Why Is My Baby Chick Not Growing?

Every living thing requires proper nourishment, conducive environmental factors, and proper physical care are key to proper growth and development.

Factors that contribute to the proper development of a Chick include good and enough nutrition, adequate supply of clean water, protection from predators and mites, conducive temperatures, and a comfortable brooder.

The lack of these conditions may hinder the proper growth and development of a chick.

What Causes a Chick Not To Grow? (5 Possible Reasons) 

Several reasons can cause a chick not to grow.

Here are some of the reasons why your chick is not growing as expected.

  1. It Hatched a Little Late

While chicks of most birds hatch after 21 days, there are some chicks that hatch a day or two late.

Since chicks develop very fast, chicks that have hatched late will struggle to catch up with the rest of the brood.

Due to lateness, a chick may not compete on level ground.

A late hatched chick will be stressed by this.

The stress of the chick suppresses growth, thus why a chick may not grow.

To help solve the problem, you can feed your latecomer chick on a separate brooder and try to integrate it with other chicks.

  1. The Environment is Too Cold for your Chick

If the environment you are bringing up your chick is cold, it will inhibit its growth.

Cold limits the quantity of feed and water the chick eats.

Failure to feed well will lead to your chick becoming malnourished hence the reason it is not growing well. 

Ensure you are feeding your chick in a warm area.

Also, ensure you are meeting all the dietary requirements of the chick.

  1. Your Chick is Infested with Mites

If your bird is infested with mites during the critical stage of its development, it might affect its growth rate.

An example of a mite that causes havoc to the growth of a chick is the northern fowl mite.

They suck the chick’s blood, leading to low blood count, general body weakness, stunted growth, and sometimes death.

You can use commercial products to get rid of mites in a chick.

  1. The Chick is Bantam

Your chick has a Bantam background, so it’s not growing as expected.

A Bantam chick will only grow up to 1/4 or 1/5 the size of a regular chick.

  1. Poultry Dwarfism

Dwarfism affects nearly all living things, including poultry.

If you have provided your chick with all the favorable conditions and still do not show signs of growing as expected, it is probably a dwarf.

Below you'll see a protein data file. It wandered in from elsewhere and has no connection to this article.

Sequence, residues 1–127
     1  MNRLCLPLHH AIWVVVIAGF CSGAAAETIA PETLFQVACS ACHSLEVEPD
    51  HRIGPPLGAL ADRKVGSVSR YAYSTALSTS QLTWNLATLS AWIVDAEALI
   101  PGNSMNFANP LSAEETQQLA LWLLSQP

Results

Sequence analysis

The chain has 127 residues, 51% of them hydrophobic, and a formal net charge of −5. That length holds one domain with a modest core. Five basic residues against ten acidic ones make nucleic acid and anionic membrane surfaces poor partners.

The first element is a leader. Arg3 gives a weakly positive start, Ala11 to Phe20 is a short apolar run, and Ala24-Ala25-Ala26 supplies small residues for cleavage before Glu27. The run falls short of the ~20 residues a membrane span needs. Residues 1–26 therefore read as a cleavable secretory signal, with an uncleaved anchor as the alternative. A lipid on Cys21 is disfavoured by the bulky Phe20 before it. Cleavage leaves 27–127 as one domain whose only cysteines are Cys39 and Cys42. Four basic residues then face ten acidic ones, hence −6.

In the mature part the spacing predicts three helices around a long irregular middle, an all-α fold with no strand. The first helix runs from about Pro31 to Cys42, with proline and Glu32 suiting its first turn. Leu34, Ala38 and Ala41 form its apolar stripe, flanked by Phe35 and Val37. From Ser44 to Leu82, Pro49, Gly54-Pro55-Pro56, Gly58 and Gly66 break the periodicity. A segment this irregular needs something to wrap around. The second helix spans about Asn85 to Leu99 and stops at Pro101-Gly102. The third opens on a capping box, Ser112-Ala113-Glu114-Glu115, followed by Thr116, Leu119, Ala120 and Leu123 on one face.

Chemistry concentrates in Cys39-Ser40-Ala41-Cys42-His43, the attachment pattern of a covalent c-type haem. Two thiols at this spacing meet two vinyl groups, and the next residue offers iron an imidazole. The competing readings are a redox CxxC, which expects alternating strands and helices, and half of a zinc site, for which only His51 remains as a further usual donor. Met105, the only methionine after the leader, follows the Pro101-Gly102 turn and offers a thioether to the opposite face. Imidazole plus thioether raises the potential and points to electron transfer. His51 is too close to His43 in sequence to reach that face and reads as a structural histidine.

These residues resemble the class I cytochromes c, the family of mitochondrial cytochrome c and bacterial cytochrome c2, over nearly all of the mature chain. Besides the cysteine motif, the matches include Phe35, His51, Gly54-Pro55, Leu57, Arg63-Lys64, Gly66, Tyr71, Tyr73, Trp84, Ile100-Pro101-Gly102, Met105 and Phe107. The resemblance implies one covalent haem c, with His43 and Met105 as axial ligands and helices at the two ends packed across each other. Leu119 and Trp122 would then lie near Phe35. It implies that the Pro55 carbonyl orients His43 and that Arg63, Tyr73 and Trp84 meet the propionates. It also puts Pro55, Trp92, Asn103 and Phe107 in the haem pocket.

There is nothing you can do to make your chick grow.

Just embrace its uniqueness. 

What Helps a Chick Grow?

Before your chick arrives, you need to prepare adequately for its arrival.

You need to ensure your chick survives, grows and develops, and matures to adulthood.

  • A Brooder – This is where you first place your chick. Ensure it is safe, clean, warm, spacious, and well ventilated.
  • A Heat Lamp – Your chick will require a good amount of warmth to survive and grow well. You should adjust the heat level downwards as the chick continues to grow. A cold environment can interfere with the proper growth of your chick.
  • Light – provide your new chick with light 18 to 12 hours a day. As your chick continues to grow, you can reduce the light.
  • Feeders and Water feeders – For your new chick, provide a wide and low-lying feeder and waterer. 

Teach your chick how to feed and drink water.

Also, adjust the feeds of your chick accordingly as it grows.

How Long Does It Take For Baby Chicken To Grow?

The key to proper growth and development of your chick is proper feeding, clean water supply, optimum temperatures, and protection from predators.

Another factor that influences the growth rate of your chick is genetics.

A chick will take approximately 900 to 100 days to mature. 

It takes around one to five weeks for the chick to become a teenage bird.

Your chick’s feed should contain 18% proteins and other essential minerals to enable it to transform successfully into a teenager. 

At weeks 5 to 15, the bird is in a teenage stage and will start to show physical differences between males and females.

Keep up with proper nutrition and diet for good development and growth. 

From week 16 to 17, the chicken is mature, and the hens are almost ready to lay eggs.

Consider feeding your chicken with layers of feed for a smooth transitioning.

At week 18, your chicken will lay its first egg. 

Your chicken will start dropping its feathers in the 18th month of its life.

Your chicken will keep on laying eggs after molting.

Finally, your chicken will reach the retirement stage.

It will no longer lay eggs.

Also, it will require a specialized diet with high protein levels to support it through its advanced age.

Wrapping Up 

Your chick requires enabling factors such as enough and proper nutrition, clean water, vaccination, the right temperatures, and protection from mites and predators.

However, conditions such as dwarfism and Bantam are out of your control.

Ensure to provide the right conditions as discussed above for the proper growth of your chick.


We at birdcageshere.com write about bird health and diet however it should not be taken as medical advice. For advice on your bird you need to seek out an avian vet. The information you find on birdcageshere.com is for educational purposes only. At birdcageshere.com we are not liable for any information that you may find on here. Birdcageshere is NOT a substitute for professional medical advice about your bird.